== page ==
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I've been working on this problem on and off for a couple hours and have not been able to find out how to go about it even after looking through the other questions and some google searching.

Prove that the given equations are identities $$ \sin^4 \theta = \frac{3-4\cos2\theta+\cos4\theta}{8} $$

So I started off trying this

$$\sin^4 = (\sin^2\theta)^2=(1-\cos^2\theta)^2$$

$$(1-\cos^2\theta)^2 = \left[1-\left(\frac 12\cos2\theta + 1\right)\right]^2$$

But that hasn't led me to anywhere. Trying it from the other side hasn't yielded much results for me either.

$$\frac{(3-4\cos2\theta+\cos4\theta)}{8}= \frac18(3-4[2\cos^2\theta-1]+\cos4\theta)$$

$$\frac18(3-4[2\cos^2\theta-1]+\cos4\theta) = \frac18(3-4[2(1-\sin^2\theta)-1]+\cos4\theta)$$

From there I seem to have just hit a loop with $\sin^2$ and $\cos^2$ . I have A LOT of trouble with these types of problems in this section. I would greatly appreciate it if someone could help me out.

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up vote 4 down vote accepted

I appreciate that you've shown your work. I'm a bit low on time but let me give you a hint - if you are still stuck, comment and I'll help you out later.

Notice that in the intended answer, there are only cosines and there are no powers. So one strategy would be to do the following:

  1. First, express everything in terms of cosines. Your step where you wrote $\sin ^4 \theta = (1 - \cos^2\theta)^2$ looks great for this.
  2. Use a power reduction formula to write $\cos^2 \theta$ without powers. You wrote something that's very close to true. But instead it's $\cos^2 \theta = \dfrac{1 + \cos 2\theta}{2}$.
  3. Distribute the product.
  4. Oh no! We have another power! So do the power reduction again.
  5. Collect all the terms and check that your answer is right.
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Everyone has posted up great answers, but this one is what led me to finishing the problem. Thank you very much! – Thumbtack Oct 23 '12 at 22:42

You will want to use double-angle identities. For example, note that $$\cos 2\theta=2\cos^2\theta-1=1-2\sin^2\theta.$$ Maybe rewrite this as $$\sin^2\theta=\frac{1-\cos 2\theta}{2}.$$ Square both sides. We get $$\sin^4\theta=\frac{1}{4}(1-2\cos 2\theta+\cos^2 2\theta).$$ Getting warm! I will not finish things, but just remind you that one version of the double-angle identity above is $$\cos 4\theta=2\cos^2 2\theta -1.$$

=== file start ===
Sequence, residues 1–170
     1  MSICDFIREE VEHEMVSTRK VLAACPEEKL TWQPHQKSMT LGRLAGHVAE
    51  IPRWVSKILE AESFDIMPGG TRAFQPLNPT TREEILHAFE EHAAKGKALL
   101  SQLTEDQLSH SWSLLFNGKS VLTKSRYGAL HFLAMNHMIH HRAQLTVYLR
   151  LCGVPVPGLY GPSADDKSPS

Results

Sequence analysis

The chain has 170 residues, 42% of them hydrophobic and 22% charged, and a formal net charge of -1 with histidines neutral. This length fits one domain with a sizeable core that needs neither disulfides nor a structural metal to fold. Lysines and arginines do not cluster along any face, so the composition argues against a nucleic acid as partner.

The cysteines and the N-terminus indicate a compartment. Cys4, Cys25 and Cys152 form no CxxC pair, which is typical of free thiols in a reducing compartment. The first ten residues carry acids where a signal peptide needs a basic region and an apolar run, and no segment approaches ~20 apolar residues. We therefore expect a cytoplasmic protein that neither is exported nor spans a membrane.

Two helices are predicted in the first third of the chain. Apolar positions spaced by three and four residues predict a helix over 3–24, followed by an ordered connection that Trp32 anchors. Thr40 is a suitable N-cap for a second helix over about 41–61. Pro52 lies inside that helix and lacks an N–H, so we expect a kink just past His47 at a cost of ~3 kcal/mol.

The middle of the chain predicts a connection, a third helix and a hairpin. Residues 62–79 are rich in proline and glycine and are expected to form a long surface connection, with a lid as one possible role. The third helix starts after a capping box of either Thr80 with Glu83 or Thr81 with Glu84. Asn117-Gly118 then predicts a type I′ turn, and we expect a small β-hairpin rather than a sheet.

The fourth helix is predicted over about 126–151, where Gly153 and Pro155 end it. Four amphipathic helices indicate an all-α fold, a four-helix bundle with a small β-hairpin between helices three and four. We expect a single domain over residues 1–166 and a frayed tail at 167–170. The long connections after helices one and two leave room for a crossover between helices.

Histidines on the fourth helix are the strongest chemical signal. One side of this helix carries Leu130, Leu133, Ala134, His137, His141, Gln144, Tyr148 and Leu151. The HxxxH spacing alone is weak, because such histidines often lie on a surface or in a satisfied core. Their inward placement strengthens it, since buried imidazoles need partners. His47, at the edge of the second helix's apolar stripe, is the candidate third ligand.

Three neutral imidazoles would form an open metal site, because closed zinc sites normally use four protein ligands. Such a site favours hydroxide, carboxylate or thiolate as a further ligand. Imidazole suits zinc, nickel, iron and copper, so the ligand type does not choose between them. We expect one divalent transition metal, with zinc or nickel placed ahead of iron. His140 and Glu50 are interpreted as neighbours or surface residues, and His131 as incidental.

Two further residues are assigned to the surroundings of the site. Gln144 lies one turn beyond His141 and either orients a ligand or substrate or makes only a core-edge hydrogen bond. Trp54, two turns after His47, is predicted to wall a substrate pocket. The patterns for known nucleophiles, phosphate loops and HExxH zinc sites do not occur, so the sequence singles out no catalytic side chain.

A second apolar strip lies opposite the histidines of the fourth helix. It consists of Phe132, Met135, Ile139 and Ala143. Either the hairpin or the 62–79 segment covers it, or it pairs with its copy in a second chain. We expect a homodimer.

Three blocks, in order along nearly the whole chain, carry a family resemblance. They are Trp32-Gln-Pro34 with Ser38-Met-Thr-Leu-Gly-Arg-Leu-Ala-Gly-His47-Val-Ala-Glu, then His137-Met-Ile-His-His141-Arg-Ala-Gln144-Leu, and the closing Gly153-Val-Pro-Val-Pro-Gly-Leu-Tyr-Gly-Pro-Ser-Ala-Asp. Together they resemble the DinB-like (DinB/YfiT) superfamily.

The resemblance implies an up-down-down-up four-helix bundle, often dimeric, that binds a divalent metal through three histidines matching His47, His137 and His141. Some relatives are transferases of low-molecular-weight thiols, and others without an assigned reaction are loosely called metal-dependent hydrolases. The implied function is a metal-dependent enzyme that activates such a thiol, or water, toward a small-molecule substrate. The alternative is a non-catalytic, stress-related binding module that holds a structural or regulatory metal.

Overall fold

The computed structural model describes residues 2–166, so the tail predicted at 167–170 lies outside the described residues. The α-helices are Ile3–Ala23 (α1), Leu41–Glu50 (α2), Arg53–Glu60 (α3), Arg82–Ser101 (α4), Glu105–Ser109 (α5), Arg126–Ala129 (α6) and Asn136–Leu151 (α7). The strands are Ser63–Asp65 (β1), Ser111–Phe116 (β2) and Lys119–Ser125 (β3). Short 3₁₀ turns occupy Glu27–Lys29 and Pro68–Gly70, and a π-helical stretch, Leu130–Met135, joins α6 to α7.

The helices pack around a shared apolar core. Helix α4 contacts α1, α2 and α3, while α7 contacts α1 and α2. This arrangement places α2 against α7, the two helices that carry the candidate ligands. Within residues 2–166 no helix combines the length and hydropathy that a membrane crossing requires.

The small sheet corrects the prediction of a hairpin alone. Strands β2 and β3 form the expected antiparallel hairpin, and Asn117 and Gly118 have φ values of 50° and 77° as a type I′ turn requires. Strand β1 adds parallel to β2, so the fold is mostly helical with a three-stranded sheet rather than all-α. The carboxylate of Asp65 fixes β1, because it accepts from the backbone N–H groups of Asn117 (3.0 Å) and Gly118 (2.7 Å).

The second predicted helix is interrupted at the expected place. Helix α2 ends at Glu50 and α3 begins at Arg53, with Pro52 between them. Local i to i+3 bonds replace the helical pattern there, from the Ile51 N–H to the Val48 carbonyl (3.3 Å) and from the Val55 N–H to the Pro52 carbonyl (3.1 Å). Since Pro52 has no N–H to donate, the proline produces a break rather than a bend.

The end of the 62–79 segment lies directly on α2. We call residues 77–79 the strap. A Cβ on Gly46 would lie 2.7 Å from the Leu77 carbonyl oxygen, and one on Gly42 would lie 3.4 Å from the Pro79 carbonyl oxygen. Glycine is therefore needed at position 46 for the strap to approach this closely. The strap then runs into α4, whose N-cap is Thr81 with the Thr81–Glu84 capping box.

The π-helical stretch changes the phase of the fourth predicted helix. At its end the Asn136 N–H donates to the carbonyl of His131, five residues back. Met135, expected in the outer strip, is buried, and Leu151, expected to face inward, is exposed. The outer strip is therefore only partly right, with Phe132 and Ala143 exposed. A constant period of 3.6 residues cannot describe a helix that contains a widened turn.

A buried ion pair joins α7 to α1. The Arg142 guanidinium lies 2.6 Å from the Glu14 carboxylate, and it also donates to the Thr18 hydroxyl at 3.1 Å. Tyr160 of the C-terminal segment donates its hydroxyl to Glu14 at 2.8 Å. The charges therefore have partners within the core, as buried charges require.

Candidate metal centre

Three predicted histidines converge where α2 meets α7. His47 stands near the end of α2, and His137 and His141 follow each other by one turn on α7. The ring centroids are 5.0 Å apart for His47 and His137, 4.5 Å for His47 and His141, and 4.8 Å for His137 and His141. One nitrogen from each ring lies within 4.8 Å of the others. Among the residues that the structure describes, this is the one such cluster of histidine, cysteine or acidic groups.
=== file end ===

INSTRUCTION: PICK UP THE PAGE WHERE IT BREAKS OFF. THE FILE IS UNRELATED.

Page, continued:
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If you use $\cos(z) = \tfrac{1}{2}(e^{iz} + e^{-iz})$ and $\sin(z) = \tfrac{1}{2i}(e^{iz} - e^{-iz})$,

$$8 \sin^4 \theta = (3-4 \cos(2\theta)+\cos(4\theta))$$


$$8 (\tfrac{1}{2i}(e^{iz} - e^{-iz}))^4 = (3-4 \tfrac{1}{2}(e^{i2z} + e^{-i2z})+\tfrac{1}{2}(e^{i4z} + e^{-i4z}))$$

which you can prove by multiplying out the brackets

$$ 8 (-\tfrac{1}{4}e^{-2iz}-\tfrac{1}{4}e^{2iz}+\tfrac{1}{16}e^{-4iz}+\tfrac{1}{16}e^{4iz}+\tfrac{3}{8}) = (3-4 \tfrac{1}{2}(e^{i2z} + e^{-i2z})+\tfrac{1}{2}(e^{i4z} + e^{-i4z}))$$

and you can see this is equal by inspection so the trig identity is proven.

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You might have skipped a few steps by using the power reduction formula for $\sin^2\theta$.


You will notice this does not agree with what you have. You made a small mistake when using the power reduction formula


Anyway, from the form $\frac14(1-\cos2\theta)^2$, I would square it out, then use the power reduction formula above on the $\cos^22\theta$ term.

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